Our brains house extremely complex neuronal circuits, whose detailed structures are still largely unknown. This is especially true for the so-called cerebral cortex of mammals, where among other things vision, thoughts or spatial orientation are being computed. Here the rules by which nerve cells are connected to each other are only partly understood. A team of scientists around Moritz Helmstaedter at the Frankfiurt Max Planck Institute for Brain Research and Helene Schmidt (Humboldt University in Berlin) have now discovered a surprisingly precise nerve cell connectivity pattern in the part of the cerebral cortex that is responsible for orienting the individual animal or human in space.
The researchers report online in Nature (Schmidt et al., 2017. Axonal synapse sorting in medial entorhinal cortex, DOI: 10.1038/nature24005) that synapses in...
Whispering gallery mode (WGM) resonators are used to make tiny micro-lasers, sensors, switches, routers and other devices. These tiny structures rely on a...
Using ultrafast flashes of laser and x-ray radiation, scientists at the Max Planck Institute of Quantum Optics (Garching, Germany) took snapshots of the briefest electron motion inside a solid material to date. The electron motion lasted only 750 billionths of the billionth of a second before it fainted, setting a new record of human capability to capture ultrafast processes inside solids!
When x-rays shine onto solid materials or large molecules, an electron is pushed away from its original place near the nucleus of the atom, leaving a hole...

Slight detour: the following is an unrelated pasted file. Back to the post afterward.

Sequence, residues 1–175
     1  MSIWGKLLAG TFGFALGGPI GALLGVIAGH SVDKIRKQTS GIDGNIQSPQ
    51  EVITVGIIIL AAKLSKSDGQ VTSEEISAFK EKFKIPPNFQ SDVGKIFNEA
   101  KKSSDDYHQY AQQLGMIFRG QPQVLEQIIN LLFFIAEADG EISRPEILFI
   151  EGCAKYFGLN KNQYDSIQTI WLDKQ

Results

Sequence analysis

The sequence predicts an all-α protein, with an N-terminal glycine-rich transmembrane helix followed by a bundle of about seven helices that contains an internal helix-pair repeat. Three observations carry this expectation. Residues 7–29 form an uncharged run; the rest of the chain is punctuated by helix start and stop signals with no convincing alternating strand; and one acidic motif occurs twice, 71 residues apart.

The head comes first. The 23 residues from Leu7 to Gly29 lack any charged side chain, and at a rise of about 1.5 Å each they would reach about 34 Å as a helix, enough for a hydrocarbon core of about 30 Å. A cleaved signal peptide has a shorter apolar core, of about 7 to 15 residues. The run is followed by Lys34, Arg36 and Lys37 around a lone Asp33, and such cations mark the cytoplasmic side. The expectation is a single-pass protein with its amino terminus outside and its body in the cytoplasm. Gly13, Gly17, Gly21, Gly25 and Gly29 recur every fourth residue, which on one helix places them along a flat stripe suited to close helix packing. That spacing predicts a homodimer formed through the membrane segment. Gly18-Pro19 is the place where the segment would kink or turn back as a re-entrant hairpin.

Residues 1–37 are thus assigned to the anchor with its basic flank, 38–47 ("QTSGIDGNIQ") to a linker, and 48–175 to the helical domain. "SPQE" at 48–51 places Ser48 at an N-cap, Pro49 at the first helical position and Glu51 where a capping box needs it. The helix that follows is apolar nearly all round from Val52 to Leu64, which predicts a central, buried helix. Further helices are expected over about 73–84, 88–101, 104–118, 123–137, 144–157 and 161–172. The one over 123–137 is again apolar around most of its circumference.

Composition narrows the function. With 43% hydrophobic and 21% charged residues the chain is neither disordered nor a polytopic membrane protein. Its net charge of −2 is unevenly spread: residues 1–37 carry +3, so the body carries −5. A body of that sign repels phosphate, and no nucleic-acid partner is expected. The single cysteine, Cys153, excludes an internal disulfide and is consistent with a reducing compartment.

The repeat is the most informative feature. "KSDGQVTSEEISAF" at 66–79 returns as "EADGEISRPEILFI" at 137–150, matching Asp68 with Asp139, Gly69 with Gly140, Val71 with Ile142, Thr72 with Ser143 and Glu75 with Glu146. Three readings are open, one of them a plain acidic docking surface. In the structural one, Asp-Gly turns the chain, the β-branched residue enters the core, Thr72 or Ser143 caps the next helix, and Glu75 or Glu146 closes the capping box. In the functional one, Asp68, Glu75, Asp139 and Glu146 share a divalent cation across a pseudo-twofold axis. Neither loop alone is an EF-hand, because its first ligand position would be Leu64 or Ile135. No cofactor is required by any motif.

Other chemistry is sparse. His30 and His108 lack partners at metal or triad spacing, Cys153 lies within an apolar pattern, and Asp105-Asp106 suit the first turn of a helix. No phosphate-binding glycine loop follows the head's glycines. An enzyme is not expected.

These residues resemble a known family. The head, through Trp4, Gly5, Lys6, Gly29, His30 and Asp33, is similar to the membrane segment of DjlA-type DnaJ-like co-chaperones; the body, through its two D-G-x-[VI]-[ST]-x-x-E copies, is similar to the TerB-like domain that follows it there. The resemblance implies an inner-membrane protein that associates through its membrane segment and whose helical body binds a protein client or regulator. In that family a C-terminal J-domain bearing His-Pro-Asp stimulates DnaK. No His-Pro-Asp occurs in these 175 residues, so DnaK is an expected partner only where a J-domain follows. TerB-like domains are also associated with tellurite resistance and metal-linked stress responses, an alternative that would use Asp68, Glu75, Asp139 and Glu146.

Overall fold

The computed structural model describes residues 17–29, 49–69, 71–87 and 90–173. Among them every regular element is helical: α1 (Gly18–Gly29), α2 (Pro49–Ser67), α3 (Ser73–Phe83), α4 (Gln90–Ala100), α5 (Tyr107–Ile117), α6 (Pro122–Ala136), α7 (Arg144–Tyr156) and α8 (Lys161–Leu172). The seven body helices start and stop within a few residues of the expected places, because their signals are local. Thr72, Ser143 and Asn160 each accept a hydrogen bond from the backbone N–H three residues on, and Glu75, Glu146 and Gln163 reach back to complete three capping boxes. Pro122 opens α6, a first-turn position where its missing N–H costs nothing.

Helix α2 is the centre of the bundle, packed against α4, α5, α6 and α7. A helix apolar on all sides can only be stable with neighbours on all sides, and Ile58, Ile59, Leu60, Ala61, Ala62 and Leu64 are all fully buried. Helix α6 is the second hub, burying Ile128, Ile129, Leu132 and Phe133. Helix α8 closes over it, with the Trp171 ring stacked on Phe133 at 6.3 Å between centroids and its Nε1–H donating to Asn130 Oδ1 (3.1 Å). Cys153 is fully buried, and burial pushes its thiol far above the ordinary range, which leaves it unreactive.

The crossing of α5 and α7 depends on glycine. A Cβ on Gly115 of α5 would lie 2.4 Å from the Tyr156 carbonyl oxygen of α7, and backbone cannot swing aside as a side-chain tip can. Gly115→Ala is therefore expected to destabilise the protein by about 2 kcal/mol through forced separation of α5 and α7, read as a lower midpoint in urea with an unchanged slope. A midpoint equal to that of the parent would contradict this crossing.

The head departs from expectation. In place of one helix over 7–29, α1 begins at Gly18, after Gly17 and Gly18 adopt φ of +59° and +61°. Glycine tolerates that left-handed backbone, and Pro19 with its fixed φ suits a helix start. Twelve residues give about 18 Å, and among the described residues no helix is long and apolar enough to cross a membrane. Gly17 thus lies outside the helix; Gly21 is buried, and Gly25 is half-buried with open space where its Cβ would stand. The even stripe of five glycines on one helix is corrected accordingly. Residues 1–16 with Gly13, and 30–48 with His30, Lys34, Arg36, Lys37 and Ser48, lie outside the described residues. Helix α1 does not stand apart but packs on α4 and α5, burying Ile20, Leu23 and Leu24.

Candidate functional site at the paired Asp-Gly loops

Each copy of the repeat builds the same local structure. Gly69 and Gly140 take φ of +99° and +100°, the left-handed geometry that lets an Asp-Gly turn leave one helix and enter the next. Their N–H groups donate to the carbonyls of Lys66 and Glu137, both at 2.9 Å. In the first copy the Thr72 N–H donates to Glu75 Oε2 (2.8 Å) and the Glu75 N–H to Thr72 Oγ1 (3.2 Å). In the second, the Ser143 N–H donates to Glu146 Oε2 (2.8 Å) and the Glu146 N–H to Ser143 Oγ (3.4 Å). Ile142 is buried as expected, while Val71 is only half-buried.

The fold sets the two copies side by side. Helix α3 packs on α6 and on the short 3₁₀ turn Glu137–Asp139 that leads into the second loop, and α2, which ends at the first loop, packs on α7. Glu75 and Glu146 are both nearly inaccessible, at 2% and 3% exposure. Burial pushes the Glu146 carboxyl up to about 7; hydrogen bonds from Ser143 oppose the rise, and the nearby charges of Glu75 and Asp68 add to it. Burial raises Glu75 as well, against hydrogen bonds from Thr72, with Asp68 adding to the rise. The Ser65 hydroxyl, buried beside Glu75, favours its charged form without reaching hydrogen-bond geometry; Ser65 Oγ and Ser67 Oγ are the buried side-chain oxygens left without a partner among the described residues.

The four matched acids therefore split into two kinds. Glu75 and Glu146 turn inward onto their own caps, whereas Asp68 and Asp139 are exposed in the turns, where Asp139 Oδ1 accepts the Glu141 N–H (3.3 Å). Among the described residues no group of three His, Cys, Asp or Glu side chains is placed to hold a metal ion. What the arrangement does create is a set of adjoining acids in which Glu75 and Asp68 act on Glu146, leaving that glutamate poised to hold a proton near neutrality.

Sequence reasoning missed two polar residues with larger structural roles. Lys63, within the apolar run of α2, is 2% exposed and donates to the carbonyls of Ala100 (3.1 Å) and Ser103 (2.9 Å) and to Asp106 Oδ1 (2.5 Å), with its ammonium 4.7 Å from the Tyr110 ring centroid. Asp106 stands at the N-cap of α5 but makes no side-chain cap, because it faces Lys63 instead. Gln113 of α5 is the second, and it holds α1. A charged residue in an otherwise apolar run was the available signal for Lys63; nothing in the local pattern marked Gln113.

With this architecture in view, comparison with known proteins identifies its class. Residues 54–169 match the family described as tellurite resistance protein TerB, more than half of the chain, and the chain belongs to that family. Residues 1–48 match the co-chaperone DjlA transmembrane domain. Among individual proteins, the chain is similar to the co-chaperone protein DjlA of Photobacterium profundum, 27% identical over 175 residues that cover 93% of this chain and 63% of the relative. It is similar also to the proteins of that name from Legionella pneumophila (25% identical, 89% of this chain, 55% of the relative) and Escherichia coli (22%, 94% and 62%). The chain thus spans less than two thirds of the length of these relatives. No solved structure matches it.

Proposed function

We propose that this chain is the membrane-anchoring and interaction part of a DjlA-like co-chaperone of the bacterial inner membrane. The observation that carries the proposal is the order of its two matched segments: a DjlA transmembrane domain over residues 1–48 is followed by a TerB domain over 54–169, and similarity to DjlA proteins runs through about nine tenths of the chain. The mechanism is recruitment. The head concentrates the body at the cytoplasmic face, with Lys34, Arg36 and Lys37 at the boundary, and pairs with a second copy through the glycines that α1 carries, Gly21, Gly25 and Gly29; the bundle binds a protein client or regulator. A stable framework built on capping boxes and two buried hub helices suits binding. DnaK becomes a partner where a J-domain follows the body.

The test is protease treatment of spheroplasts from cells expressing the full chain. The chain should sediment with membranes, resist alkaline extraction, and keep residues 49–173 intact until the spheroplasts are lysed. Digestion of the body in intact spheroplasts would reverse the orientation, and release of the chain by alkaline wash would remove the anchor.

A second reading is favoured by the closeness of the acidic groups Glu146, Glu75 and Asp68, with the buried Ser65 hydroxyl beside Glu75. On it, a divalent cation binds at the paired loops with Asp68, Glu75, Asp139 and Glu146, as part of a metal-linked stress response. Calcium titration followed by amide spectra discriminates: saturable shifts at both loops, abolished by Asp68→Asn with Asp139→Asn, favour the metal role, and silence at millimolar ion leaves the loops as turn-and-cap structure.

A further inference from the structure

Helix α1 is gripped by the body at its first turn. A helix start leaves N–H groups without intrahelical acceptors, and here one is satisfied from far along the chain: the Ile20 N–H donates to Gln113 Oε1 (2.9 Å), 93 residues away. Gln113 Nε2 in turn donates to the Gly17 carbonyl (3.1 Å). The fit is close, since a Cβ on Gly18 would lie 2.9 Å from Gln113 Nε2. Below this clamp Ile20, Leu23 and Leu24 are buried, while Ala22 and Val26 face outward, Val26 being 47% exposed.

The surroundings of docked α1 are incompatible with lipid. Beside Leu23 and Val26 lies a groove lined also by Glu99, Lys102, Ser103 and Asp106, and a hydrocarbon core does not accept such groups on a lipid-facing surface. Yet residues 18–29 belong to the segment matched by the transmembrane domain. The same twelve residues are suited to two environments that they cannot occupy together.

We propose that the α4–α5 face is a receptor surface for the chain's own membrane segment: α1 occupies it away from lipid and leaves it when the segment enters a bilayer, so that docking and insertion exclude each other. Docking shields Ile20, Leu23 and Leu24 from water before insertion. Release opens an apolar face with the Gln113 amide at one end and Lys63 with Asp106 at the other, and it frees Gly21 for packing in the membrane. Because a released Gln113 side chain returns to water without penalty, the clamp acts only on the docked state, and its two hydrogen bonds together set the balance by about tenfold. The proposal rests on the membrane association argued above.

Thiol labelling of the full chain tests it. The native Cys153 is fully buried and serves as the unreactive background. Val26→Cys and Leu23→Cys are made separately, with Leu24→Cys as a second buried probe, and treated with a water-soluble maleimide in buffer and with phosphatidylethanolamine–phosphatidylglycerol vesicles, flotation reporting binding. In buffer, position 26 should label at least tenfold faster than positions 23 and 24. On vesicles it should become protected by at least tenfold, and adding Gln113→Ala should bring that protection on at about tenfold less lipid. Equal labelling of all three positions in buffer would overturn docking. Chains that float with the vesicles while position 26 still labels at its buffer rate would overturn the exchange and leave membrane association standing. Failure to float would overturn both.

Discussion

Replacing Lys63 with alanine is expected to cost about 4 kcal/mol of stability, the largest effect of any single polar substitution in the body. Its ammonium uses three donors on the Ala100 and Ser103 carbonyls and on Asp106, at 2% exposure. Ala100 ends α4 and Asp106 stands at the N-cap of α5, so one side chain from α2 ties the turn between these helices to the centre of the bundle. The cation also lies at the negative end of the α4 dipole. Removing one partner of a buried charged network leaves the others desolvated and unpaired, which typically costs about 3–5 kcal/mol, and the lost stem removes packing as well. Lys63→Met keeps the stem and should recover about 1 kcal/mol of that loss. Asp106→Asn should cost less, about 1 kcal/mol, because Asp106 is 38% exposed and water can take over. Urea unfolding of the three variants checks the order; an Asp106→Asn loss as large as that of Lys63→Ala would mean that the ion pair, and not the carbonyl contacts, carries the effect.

For the first time, physicists have successfully imaged spiral magnetic ordering in a multiferroic material. These materials are considered highly promising candidates for future data storage media. The researchers were able to prove their findings using unique quantum sensors that were developed at Basel University and that can analyze electromagnetic fields on the nanometer scale. The results – obtained by scientists from the University of Basel’s Department of Physics, the Swiss Nanoscience Institute, the University of Montpellier and several laboratories from University Paris-Saclay – were recently published in the journal Nature.
Multiferroics are materials that simultaneously react to electric and magnetic fields. These two properties are rarely found together, and their combined...
19.09.2017 | Event News
12.09.2017 | Event News
06.09.2017 | Event News
22.09.2017 | Life Sciences
22.09.2017 | Medical Engineering
22.09.2017 | Physics and Astronomy